Issue 14

Consumer taste is ever changing, driven by everything from public events to food scandals. Packaging designers go to great lengths to anticipate consumer demands, with the help of colour consultancies such as Global Color Research.

We learn about the key packaging trends for 2015 from Laura Perryman, Global Color Research’s director of creative projects and fabric and materials editor of the company’s publications, Mix Trends and Mix magazine. Perryman spoke about the trends at the Packaging Innovations show in October.

In the first of four features, Perryman explains The Fundamentals trend, which is about the use of natural materials in innovative ways, and is ideal for luxury packaging.

The Fundamentals is based an increasing desire amongst consumers for strong relationships with their belongings and environments, which Perryman believes will result in demand for quality packaging that uses natural materials and colours. "Materials that imbue warmth, honesty and longevity to spatial design are increasingly desired," she explains.

Perryman thinks this will translate into subtle, authentic-feeling luxury packaging that has a strong focus on detail. In particular, she believes this will be ideal for perfume and bespoke products. "It could be anything from gifts to jewellery," she says.

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A new luxury: recycling raw and authentic packaging

While this trend focuses on luxury, it is a new more refined form of luxury than we have previously seen. "It’s something different from the luxury market in the past five to ten years, where everything was very ornamental," explains Perryman, citing previous trends for bling and very ostentatious luxury. "Now it’s bringing it back to something that’s a bit more raw and authentic."

Gone are the bright colours and glitzy finishes, replaced by packaging that consumers will want to keep and use long after they have opened the product. "If something is packaged in something well-made, it can be used for other things; it can be kept," says Perryman. This enables consumers to build up a much stronger relationship with the packaging, and resultantly with the brand.

She believes consumers will respond to raw, honest materials and a sense of imperfection that makes packaging feel special and unique. "We felt like this is something that is really coming through in the packaging industry at the moment, this idea of imperfection, and that’s really important for luxury," says Perryman.

Detail is key: using subtlety and authenticity to create memorable products

Central to this trend is a strong focus on detail, which Perryman believes creates a sense of subtlety and authenticity that is vital to appealing to luxury consumers. She sees this being achieved through careful combinations of materials that have been finished to a very high standard. "It’s kind of this idea of a carefully curated set of materials, and actually it’s the execution that makes it something different," Perryman explains.

In researching this trend, Perryman and her colleagues at Global Color Research looked at how raw and organic materials had been combined to create a strong aesthetic. "We looked at some refined details and different executions of materials, so you had things like organics next to cord ties, next to beautifully executed wooden handles that had inherent colouring to them, and then next to matte papers," says Perryman.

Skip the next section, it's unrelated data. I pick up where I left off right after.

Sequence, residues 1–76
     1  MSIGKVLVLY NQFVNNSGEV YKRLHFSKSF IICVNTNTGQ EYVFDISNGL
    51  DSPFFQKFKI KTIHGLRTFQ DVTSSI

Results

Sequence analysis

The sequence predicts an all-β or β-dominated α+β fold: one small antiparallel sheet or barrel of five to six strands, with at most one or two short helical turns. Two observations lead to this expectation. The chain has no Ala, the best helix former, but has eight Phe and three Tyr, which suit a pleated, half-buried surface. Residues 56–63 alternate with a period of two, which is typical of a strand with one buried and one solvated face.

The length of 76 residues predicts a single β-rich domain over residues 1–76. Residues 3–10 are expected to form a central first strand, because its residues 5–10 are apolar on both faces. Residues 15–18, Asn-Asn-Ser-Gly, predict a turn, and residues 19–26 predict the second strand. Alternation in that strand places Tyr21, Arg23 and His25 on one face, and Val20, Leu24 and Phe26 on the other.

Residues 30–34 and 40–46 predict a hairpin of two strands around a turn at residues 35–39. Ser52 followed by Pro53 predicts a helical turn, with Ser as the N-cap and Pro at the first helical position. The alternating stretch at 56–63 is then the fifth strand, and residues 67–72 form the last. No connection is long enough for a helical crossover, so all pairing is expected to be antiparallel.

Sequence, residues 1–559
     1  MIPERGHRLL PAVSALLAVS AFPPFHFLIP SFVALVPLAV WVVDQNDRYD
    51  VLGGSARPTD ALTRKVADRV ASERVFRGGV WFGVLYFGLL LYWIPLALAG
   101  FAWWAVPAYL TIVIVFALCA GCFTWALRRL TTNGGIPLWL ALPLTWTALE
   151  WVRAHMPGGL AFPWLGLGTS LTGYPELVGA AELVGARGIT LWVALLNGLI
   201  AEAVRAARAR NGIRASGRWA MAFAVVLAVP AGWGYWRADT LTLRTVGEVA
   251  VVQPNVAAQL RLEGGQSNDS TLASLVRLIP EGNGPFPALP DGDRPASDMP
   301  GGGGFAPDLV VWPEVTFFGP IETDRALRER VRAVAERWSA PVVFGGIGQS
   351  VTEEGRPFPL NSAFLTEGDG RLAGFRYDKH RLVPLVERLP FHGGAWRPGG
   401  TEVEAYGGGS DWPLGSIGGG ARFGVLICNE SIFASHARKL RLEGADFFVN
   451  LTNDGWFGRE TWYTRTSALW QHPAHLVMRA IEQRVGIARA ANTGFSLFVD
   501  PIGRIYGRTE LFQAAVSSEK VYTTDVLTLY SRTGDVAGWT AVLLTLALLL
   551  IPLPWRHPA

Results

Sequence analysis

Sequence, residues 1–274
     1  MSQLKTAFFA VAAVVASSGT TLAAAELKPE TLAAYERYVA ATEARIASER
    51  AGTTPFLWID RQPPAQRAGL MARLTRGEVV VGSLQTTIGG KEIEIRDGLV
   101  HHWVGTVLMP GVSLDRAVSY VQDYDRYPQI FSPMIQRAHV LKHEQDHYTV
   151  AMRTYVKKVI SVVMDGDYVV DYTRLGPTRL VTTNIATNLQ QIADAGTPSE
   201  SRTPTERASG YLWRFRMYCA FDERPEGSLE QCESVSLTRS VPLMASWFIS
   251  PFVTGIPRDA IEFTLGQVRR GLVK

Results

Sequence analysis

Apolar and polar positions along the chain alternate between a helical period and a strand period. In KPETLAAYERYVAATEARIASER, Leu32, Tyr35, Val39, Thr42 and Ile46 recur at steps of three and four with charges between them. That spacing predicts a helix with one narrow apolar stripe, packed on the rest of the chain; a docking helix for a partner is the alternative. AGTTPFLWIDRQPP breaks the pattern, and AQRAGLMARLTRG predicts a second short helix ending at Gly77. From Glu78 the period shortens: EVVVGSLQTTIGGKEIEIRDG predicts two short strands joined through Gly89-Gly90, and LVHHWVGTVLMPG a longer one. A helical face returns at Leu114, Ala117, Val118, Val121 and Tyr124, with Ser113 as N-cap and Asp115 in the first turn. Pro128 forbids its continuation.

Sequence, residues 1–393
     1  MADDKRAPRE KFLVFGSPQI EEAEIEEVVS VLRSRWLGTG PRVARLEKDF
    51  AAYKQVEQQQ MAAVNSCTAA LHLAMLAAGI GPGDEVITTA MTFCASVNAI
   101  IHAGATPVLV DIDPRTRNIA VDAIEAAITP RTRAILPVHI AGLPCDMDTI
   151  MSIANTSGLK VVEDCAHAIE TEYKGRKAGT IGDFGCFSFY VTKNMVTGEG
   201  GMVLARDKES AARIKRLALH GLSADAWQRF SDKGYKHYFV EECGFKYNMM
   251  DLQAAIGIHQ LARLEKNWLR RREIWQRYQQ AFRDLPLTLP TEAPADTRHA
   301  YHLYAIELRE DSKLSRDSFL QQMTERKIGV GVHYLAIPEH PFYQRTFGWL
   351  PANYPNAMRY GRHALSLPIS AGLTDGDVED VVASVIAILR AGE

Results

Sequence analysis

The use of raw materials is particularly key here, and Perryman suggests that integrating real wood or using copper as a trim could be very effective. Slate is also a key inspiration for this trend, which could translate into the use of embossed, tactile, raw or matte cards and papers.

Power of honesty: informing consumers of product origins

Honesty and authenticity are important to this trend, which Perryman believes is because of a rise in consumer demand for information about product origin. "Consumers are getting a lot more savvy about where things are made," she says. "They want to know where materials are sourced, what the process is."

This encourages a desire for packaging that is kept and used rather than thrown in the bin, but it also means that companies need to do more to make consumers aware of the origin of their packaging and products.

"There are lots of luxury brands that are putting the storytelling element of their product – how it’s made, who it’s made by – out there," Perryman says. "I think that is really important with everything now, especially with the high-end luxury market."

Mainstream focus: different materials could push the trend forward

While this is a trend that is primarily for the luxury market, Perryman believes it can also work well for more mainstream packaging. "I think that this honesty with materials and the beauty of those materials is definitely something that can be translated even to a much more commercial level," she says.

In particular, she thinks embossing could be a key way that this translates. "The natural imperfections and the wood textures could be made into a single embossing that is not too costly," she explains.

Perryman also believes that a change of materials could an effective way for mainstream packaging to capitalise on this trend. "So it’s not a shiny surface, it’s a paper or a matte finish that maybe has a slightly more raw texture to it," says Perryman. "I think on a simple commercial level that could translate."

This trend is based on Belong, from Mix Trends issue 28, Spring Summer 2015. For more information on colour and materials trends or Mix Trends go to